17 June 2005
The Scott Memorial, Edinburgh
Sir Walter Scott (1771-1832) towered over the Scottish literary scene of the early 19th century and upon his death the people of Edinburgh decided the city needed a memorial to him. A design competition was held, although the winning design by George Meikle Kemp, a joiner who was also a draughtsman, was not chosen until 1838. Work began in 1840 but Kemp died in 1844, having drowned in the Union canal, and did not see the work completed.
The last stone of the 200 foot high monument, complete with 64 statuettes of characters from Scotts novels, was laid in the autumn of 1844 by Kemp's son, Thomas. John Steell, later Her Majesty's Sculptor for Scotland, was chosen (also by public competition) as the sculptor of the over twice life size Carrara marble figure of Scott and his dog Maida. The monument was finally inaugurated on 15 August 1846.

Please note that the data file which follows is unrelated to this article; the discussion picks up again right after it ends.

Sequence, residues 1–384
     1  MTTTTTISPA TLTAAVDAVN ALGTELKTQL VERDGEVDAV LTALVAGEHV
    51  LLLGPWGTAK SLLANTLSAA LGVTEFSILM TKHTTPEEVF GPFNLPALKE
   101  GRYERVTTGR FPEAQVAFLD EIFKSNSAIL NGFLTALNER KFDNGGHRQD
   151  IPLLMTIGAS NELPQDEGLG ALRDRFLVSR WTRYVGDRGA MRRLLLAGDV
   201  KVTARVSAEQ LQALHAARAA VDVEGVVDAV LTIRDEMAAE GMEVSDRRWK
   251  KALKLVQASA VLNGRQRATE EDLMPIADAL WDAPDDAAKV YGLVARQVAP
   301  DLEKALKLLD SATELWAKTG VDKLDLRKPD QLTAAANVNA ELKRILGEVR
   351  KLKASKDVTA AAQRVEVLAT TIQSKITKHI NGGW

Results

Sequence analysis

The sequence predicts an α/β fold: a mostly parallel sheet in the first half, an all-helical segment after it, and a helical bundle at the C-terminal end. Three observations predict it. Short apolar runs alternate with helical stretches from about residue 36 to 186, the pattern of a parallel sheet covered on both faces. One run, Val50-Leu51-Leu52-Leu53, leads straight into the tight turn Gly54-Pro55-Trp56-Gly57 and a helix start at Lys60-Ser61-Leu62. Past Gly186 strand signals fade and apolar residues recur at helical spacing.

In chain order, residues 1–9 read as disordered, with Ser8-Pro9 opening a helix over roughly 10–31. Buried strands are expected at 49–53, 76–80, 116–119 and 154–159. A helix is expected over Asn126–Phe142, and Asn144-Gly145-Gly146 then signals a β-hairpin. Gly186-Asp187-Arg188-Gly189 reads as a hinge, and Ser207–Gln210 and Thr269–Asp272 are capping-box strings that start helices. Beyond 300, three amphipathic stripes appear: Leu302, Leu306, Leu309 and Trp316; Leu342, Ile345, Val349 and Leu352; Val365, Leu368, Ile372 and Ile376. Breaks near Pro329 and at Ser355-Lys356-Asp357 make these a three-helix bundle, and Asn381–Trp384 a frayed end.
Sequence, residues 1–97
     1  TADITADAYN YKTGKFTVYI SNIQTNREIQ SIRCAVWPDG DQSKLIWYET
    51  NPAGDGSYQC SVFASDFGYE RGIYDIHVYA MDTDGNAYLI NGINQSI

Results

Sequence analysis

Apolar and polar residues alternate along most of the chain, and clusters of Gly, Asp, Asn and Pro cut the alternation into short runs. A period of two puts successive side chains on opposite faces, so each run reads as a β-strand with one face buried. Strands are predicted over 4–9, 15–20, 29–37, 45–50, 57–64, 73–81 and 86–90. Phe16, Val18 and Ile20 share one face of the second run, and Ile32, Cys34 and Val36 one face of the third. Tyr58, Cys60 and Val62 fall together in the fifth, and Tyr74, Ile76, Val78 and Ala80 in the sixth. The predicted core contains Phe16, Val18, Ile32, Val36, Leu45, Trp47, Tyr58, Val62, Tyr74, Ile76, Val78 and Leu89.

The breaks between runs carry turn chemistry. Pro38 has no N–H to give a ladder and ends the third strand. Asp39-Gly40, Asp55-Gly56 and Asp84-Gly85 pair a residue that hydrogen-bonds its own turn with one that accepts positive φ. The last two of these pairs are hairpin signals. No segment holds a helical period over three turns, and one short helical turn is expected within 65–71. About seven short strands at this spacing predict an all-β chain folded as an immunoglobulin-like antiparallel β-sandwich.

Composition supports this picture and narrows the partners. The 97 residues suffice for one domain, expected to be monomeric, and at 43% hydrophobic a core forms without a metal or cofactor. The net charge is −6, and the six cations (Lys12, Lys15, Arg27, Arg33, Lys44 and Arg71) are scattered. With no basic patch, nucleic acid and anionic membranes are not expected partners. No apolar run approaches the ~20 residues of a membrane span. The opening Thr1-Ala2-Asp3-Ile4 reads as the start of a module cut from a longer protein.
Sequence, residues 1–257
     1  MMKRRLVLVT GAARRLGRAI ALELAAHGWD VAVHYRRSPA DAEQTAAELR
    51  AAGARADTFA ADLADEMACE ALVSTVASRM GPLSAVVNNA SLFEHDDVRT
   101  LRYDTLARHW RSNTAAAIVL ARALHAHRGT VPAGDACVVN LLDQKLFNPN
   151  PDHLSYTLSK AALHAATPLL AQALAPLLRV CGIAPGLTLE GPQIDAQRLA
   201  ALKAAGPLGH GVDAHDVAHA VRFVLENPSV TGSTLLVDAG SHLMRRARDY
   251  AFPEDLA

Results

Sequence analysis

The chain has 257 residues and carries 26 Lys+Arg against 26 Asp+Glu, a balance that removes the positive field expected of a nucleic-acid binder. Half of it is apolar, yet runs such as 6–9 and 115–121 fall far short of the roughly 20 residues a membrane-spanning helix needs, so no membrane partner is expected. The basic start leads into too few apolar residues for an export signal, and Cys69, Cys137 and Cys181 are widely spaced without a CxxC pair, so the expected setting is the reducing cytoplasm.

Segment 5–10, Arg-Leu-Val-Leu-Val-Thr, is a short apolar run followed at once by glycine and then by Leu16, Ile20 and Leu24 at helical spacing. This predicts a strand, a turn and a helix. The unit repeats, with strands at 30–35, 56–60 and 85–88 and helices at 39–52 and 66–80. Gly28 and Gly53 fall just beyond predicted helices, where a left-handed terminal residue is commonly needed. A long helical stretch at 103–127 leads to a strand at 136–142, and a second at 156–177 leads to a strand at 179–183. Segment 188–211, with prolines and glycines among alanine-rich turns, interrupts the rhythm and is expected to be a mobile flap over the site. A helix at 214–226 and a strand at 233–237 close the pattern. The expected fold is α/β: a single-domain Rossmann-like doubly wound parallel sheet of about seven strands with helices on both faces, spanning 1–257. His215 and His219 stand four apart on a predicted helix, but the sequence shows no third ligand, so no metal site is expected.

W.F. Evans of Handsworth (near Birmingham in the West Midlands) produced his first Scott Memorial skeleton clock for the 1851 Great Exhibition and this was later presented to the Postmaster of Handsworth. It is now in the Birmingham City Museum.
A Victorian brass Scott Monument striking skeleton clock
Late 19th Century
With ormolu figures, on ebonised plinth and under glass dome (cracked), the silvered chapter ring with engraved numerals, the eight day twin chain fusee movement with anchor escapement, strike/trip repeat on gong, wheels with four crossings; steel rod pendulum with brass cylindrical bob, winding key
23½ in. (60 cm.) high, 23½ in. (61cm.) high over dome
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Derek Roberts, British Skeleton Clocks, Schiffer, 1987, pp.61-63, figs-20 and p.142, figs-57b.
F.B. Royer-Collard, Skeleton Clocks, NAG Press, London, 1969, pp.38-40, figs.3-1,-3,-4,-5.
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